Perforce hot-copy on Windows

Yep, I’m writing this here in the hopes that the next person who needs to resolve this issue will be able to find a solution through Google without getting stuck in the vile pit of hell that is the site WindowsIT Pro. Not that I have an opinion on it…

So the problem:

I am running Perforce Server on Windows (pity me), and I want to make a file-based copy of the entire repository for the purposes of maintaining a hot-copy backup, as well as a place to run trial upgrades, obliterates, etc. In the future, maybe even use that to do off line checkpoints.

The problem is that when I attempt to copy the files to another machine, the folder structure is so deep that I run into a limitation of Windows where it can’t deal with a path name longer than about 260 characters. In the case of using the venerable RoboCopy (read Rsync for Windows), the error that is returned is “can’t find file”.

The solution is to make some creative use of drive mapping (the “net use” command) and drive aliases (the “subst” command) to shorten the path lengths so that it can all fit. Obviously, this will only gain you so much – it’s feasible that the names still won’t fit if your structure is deep enough. In that case, move to Linux or Unix for running the server. You’ll probably be better off that way anyway…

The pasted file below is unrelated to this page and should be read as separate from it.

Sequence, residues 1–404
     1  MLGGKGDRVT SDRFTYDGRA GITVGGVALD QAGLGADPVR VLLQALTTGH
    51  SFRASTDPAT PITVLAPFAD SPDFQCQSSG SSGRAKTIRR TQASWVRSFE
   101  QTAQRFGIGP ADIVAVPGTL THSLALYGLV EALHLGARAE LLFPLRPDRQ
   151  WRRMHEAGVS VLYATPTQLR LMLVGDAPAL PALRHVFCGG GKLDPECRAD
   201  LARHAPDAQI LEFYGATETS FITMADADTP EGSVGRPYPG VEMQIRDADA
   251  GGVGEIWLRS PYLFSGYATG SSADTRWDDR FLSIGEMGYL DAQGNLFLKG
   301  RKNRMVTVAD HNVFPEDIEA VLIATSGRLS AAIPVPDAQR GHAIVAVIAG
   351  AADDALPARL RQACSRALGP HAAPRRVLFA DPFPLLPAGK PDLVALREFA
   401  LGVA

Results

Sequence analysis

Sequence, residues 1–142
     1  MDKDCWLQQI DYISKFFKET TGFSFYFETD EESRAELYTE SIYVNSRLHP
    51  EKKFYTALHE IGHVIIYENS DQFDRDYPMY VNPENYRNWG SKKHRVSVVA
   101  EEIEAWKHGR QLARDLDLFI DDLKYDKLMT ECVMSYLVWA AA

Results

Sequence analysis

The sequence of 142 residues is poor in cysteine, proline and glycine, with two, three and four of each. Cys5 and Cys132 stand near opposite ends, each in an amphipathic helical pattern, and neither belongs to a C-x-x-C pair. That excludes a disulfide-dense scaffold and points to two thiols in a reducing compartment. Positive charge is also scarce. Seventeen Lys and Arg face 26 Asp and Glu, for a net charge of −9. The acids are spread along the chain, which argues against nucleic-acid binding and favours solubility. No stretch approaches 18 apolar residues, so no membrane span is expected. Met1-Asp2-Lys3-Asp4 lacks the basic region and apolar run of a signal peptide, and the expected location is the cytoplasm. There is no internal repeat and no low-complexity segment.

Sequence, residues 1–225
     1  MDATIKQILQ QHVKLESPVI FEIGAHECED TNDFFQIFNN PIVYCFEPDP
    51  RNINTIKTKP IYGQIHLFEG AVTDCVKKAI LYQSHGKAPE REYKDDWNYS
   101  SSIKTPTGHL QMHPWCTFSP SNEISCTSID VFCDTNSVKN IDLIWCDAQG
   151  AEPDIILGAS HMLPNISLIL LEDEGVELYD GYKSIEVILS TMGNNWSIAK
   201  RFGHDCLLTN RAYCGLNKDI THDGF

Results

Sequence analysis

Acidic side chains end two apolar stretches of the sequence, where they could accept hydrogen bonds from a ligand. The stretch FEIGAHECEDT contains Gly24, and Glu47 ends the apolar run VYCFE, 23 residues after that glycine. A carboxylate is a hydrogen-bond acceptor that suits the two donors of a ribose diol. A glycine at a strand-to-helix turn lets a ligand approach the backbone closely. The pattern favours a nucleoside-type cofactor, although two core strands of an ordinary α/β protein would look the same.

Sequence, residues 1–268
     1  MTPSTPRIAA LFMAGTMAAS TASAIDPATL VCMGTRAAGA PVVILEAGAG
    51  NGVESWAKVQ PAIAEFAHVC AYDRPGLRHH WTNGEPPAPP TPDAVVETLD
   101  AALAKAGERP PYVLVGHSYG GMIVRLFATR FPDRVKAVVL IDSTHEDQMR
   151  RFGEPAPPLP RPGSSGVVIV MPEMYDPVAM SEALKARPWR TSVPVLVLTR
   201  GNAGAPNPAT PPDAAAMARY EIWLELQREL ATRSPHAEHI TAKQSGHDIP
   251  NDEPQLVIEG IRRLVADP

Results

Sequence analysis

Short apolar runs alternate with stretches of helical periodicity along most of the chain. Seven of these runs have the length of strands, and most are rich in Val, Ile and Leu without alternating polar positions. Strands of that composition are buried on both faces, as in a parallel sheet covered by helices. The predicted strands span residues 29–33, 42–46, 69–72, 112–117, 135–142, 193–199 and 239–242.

The detail in a recipe:

subst p: e:perforce_root

net use q: \targetmachineperforce_root_copy

robocopy p: q: /MIR /r:5 /w:5 /XF db.* /LOG:c:logsrobocopy_perforce_log.txt

Make sure you exclude the db.* files if you’re doing this during the day. Otherwise robocopy will grab the lock on those bad boys and Perforce will hang… Not that I found that out. No.. not me. Not the hard way. (It does release the locks when it’s done copying)

Published by heckj

Joe has broad software engineering development and management experience, from startups to large companies. Joe works on projects ranging from mobile to multi-cloud distributed systems, has set up and led engineering teams and processes, as well as managing and running services. Joe also contributes and collaborates with a wide variety of open source projects, and writes online at

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